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How do you squat?

Squatting seems like a combination of the simplest thing ever and one of the most complicated. Not complicated like thermodynamic theory, but complicated in that there are so many ways to do it, including squatting as an exercise and squatting as a way to hang out in your life.

This is my favourite exercise squat 

The perpendicular shin squat changes one of the big parameters that workout squats usually have: instead of keeping the knees over the forefoot, which leads to an angle of the shin, this one is all about keeping your weight over your heels and maintaining a vertical lower leg.

Is it a problem to have your knees over your forefoot or toes? Nope! We often have our knees forward in our everyday lives, like when climbing stairs or hills. As long as that doesn’t cause you any discomfort, it’s cool. But we want to have the option of this hips over heels position as well, because it’s AWESOME for your glutes. 

If you do have issues with your knees, then we for sure want to explore other ways of moving that support you and help you move towards more strength, mobility and comfort. If that sounds like you, in addition to this kind of squat you could try out this post that helps your knees by helping your feet and my free webinar for happier, healthier knees.

So why do I like this particular squat? Because it challenges my balance, my calf and ankle alignment, length and strength, it targets my glutes and hamstrings, it doesn’t trigger as much work in my quads and hip flexors and it allows for a neutral spine.

Because of the focus on the posterior chain and the emphasis on an untucked pelvis, this is an excellent choice for pelvic floor issues. Because of the less dramatic angle at the knees and decreased load on the quads, it is also a great choice (with modifications as necessary) for those sensitive knees we talked about above.

So much goodness for one movement!

The goal, the WHY, here is to maintain a vertical shin, to make sure that the movement comes equally from the knees and the hips and to minimise butt tucking and rounding of the spine. We aren’t really looking for a big range here, going instead for control of joints and position. It is remarkable how hard this is to do!

If you prefer your movement tutorials in video form, head on over here for a 2 minute quickie. Otherwise, read on for things to think about.

Try to keep your shins straight up and down relative to the ground.

This is so hard to do that I suggest putting a visual cue, like a yoga block or half dome beside your leg and watching in a mirror to see how easy it is for your legs to shift forward.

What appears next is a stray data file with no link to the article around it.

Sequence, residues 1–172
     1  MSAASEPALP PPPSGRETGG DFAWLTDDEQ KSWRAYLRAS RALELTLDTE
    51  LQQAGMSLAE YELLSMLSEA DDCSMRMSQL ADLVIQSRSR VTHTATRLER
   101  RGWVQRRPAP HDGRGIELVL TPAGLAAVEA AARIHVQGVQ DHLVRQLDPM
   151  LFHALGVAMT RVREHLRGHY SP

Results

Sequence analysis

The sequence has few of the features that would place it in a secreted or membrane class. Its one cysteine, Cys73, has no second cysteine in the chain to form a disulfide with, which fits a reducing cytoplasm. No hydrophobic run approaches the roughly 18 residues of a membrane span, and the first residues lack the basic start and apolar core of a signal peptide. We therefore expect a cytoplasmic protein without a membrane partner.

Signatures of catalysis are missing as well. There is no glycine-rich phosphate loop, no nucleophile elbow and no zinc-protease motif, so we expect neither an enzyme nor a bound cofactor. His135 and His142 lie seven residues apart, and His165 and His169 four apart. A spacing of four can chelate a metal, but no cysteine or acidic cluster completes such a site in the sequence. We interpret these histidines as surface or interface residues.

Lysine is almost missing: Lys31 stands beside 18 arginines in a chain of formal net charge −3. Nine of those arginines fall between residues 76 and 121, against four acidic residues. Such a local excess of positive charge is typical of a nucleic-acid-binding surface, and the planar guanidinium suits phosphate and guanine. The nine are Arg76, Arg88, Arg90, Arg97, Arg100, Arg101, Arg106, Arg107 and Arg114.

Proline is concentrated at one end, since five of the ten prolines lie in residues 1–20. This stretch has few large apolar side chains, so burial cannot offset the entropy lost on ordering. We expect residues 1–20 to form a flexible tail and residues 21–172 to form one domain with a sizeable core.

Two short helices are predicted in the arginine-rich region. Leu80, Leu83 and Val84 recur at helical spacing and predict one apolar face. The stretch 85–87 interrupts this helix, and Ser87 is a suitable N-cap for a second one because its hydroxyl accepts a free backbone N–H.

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woman does high squat with a black tube beside her shin

Can you keep your butt untucked and your back neutral (allowing the lumbar curve to be present) and relaxed?

See if you can keep your torso muscles balanced and avoid over-recruiting your lower back. There’s a delicate balance of your back muscles and your abs working together to support the weight of your upper body. It can be a bit tricky to find, so play around and see what works for you. If your lower back hurts, check in and relax it and experiment with letting your neck and shoulders relax a bit.

 

Try to keep a slight lift to the bottom of your rib cage. Avoid bracing hard with your abs (that tends to pull you into the rounded back/ butt tuck), but there is supposed to be some space between your thighs and your body. Again, it can be a tricky balance to find, so experiment, and if you can use a mirror to really see how your body is moving, that’s a great tool!

 

Now let’s do the no-cheating version! No matter how diligent you are, this squat is a hard shape to figure out. I LOVE this version for its illuminating boundaries. 

Stand with your feet under a chair and make sure your knees are touching the edge of the seat when your legs are straight. Hinge your hips back more than down. Keep your upper body lifting slightly away from the chair to help manage the tendency to drop too low and over-hinge the hips and under-hinge the knees.

Stay in a position that doesn’t strain ANYTHING! Not your knees, your back or your neck. If you feel strain, come up a bit and let your shoulders and neck and head soften, without rounding into your lower back.

Try to hold that squat for 60 seconds, or as close to that as feels right for you. Having done that, try it again without the chair and see how it goes!

xo Alison

Move SMART with Alison Crouch

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